By releasing this compilation, Kriegsmaschine now have a really tidy discography: Prism: Archive 2002 - 2004, released in 2014, covers all their material prior to the debut Altered States of Divinity, this one covers the two splits they released in between the debut and Enemy of Man, and the rest are the infamous full lengths. Neither the split with Infernal War nor the split with Szron come quickly to mind when thinking of the band, especially when they have released such monstrous albums recently, yet the quality of the material is equally powerful and in a structural sense, even more approachable than the slow-paced yoke they enforce with what came afterwards. In this time period, Kriegsmaschine laid the foundation and were slowly taking form, before exploding with Enemy of Man in 2014, one of the best black metal albums of all time.
Kriegsmaschine - Deathdriven: Archive 2006 - 2010
Deathdriven starts "backwards", as the first thing featured is the Transfigurations split that was originally released in 2010. Both tracks are massive, the guitar work is exceptional and the evoking atmosphere is naturally closer to what was composed for the full length that followed. These two pieces are hidden gems in the band's discography and they get along really well together, how one gives way to the next almost feels like it is one whole piece. "Onward Destrudo" has this KSM crushing tempo and quite memorable riffing here and there, while "Fear and Loathing in Gesthemane" can't help but make someone wonder where they thought of the title? Could be slight reference to the unconventional black comedy Fear and Loathing in Las Vegas, the eight minute song describes Christ's struggle from an absolutely human, regretting angle, but I think it doesn't really depict Kriegsmaschine's finest lyrical work. On the other hand, "Onward Destrudo" is perfect in all sections.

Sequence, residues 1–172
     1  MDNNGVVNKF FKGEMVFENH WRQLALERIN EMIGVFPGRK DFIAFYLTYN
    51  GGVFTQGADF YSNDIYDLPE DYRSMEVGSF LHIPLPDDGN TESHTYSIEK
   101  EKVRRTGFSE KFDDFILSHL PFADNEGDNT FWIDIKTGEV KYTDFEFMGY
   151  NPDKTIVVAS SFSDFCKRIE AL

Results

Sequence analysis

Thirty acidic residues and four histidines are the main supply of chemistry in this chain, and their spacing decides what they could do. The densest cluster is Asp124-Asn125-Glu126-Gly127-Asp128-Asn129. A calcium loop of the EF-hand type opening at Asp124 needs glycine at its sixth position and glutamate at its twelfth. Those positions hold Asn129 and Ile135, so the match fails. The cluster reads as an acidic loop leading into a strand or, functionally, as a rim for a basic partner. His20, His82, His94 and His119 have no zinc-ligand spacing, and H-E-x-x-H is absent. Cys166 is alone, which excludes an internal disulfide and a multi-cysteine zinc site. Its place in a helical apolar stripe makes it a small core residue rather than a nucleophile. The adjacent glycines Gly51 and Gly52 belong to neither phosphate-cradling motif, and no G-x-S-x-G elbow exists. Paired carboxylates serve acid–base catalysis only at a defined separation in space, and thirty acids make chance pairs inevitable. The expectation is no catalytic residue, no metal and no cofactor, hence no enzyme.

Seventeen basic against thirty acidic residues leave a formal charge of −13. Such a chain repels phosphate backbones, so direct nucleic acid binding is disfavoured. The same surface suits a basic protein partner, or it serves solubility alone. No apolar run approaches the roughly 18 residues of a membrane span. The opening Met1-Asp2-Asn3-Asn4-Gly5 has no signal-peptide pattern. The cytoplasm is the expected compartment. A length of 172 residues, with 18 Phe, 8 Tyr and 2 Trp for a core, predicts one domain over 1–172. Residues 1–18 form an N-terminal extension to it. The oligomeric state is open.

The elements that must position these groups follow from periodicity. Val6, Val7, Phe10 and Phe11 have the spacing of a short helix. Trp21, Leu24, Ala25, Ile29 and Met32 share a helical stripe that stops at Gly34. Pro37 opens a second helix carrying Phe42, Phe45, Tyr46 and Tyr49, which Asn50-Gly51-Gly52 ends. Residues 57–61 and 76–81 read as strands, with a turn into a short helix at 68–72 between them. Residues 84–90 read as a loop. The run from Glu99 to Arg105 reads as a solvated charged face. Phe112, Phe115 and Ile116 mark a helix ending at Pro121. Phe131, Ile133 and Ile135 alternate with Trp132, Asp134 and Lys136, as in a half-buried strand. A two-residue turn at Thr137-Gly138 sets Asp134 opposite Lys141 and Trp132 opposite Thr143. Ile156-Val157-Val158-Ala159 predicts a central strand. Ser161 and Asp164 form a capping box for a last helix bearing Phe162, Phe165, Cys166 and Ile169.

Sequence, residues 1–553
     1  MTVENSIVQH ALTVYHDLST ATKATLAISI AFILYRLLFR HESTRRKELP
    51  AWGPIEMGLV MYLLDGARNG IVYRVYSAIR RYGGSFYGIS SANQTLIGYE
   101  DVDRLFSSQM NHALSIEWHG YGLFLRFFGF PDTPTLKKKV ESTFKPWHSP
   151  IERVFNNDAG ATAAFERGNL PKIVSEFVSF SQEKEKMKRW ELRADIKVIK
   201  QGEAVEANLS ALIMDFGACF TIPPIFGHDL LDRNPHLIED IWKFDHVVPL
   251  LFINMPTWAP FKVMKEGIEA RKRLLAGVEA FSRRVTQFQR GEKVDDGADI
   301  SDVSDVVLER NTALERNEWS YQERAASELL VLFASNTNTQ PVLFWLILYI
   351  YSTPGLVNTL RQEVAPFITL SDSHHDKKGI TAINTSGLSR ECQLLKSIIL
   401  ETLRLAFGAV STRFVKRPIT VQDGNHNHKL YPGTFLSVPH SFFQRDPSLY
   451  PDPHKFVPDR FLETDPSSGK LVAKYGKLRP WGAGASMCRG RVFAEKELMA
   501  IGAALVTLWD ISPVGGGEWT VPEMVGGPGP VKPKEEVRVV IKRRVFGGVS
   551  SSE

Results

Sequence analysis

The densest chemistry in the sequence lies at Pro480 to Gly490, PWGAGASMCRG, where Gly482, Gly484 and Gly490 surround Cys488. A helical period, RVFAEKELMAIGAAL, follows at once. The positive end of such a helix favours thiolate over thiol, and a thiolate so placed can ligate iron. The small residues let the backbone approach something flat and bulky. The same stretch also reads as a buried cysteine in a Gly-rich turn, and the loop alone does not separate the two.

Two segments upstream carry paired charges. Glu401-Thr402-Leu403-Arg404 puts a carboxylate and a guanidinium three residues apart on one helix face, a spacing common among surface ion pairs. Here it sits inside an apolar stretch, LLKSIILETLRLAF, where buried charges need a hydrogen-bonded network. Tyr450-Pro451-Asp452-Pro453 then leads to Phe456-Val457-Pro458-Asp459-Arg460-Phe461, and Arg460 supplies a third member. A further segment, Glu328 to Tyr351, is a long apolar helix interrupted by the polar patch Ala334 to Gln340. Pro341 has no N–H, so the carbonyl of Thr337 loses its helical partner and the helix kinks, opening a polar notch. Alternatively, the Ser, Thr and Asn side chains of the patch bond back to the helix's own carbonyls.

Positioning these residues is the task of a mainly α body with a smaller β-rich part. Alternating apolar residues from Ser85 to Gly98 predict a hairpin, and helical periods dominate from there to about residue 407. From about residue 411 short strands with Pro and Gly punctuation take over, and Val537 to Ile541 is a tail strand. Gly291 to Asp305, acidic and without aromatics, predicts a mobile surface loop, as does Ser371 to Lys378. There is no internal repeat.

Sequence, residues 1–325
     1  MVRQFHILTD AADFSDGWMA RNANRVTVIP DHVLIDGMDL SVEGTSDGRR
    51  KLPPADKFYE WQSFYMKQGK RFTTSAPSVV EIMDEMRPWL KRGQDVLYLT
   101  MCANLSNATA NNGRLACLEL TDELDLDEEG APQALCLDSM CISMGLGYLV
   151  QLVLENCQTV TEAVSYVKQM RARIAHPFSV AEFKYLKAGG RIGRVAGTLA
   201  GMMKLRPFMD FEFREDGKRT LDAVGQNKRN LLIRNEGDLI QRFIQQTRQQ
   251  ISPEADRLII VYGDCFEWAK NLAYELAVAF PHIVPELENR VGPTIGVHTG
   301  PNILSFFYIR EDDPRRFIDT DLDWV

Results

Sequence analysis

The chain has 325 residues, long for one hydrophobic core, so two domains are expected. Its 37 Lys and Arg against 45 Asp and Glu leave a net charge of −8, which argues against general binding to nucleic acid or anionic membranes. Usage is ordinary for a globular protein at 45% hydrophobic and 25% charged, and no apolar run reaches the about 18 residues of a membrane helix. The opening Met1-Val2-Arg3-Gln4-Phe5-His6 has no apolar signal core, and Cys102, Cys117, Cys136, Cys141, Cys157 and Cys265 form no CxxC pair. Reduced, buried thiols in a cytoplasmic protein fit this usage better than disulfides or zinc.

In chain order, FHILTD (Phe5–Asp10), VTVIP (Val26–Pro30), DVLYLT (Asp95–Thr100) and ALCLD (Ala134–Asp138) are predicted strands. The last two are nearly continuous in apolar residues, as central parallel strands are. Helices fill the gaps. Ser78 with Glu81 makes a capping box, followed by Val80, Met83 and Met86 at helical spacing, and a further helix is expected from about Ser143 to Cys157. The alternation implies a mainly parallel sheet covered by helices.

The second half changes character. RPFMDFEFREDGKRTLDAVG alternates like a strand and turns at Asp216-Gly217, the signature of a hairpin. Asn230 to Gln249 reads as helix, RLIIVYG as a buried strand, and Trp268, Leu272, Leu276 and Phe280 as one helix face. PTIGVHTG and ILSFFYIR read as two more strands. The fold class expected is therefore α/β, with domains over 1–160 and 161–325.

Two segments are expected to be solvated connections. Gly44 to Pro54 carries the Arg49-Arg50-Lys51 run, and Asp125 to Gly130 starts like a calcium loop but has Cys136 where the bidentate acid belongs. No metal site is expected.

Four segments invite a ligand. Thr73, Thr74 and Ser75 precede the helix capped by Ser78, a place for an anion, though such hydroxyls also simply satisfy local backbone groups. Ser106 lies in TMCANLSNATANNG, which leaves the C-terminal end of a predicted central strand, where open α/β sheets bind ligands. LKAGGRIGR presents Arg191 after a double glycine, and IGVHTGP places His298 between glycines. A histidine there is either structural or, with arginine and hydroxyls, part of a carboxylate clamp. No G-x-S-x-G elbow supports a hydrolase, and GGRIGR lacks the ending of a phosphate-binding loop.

Following are the three tracks from the Szron split from 2006, and they lay in the same area as the material from the album they are closest to, Altered States of Divinity. The familiar, painful shouting vocals, along with chants, are present, at times the band goes full speed, which became sparser and sparser until it completely disappeared later on. This is an extra reason to listen to this compilation if you're a fan of the band mainly for the latest records. For example, parts of "E" as well as "The Fall in All its Glory" employ the traditional black metal framework of frenetic speed. The lyrics are nothing less than impressive and the talent of this band in general, gloriously shines through this release.
Sometimes compilations are void of meaning, but Deathdriven is a good opportunity for you to purchase and own this part of Kriegsmaschine's discography. The five tracks contained have been possibly left on the shelf due to the exposure the last two full lengths have gotten, but I don't see anything lesser here in terms of quality. A blast from the recent past to remind their audience of their early endeavors, and to never skip a mini-release. In my opinion, Deathdriven is totally worth it and makes up of a fine listen, something that is quite rare among compilations even from well-acclaimed bands.
Find it here: No Solace Store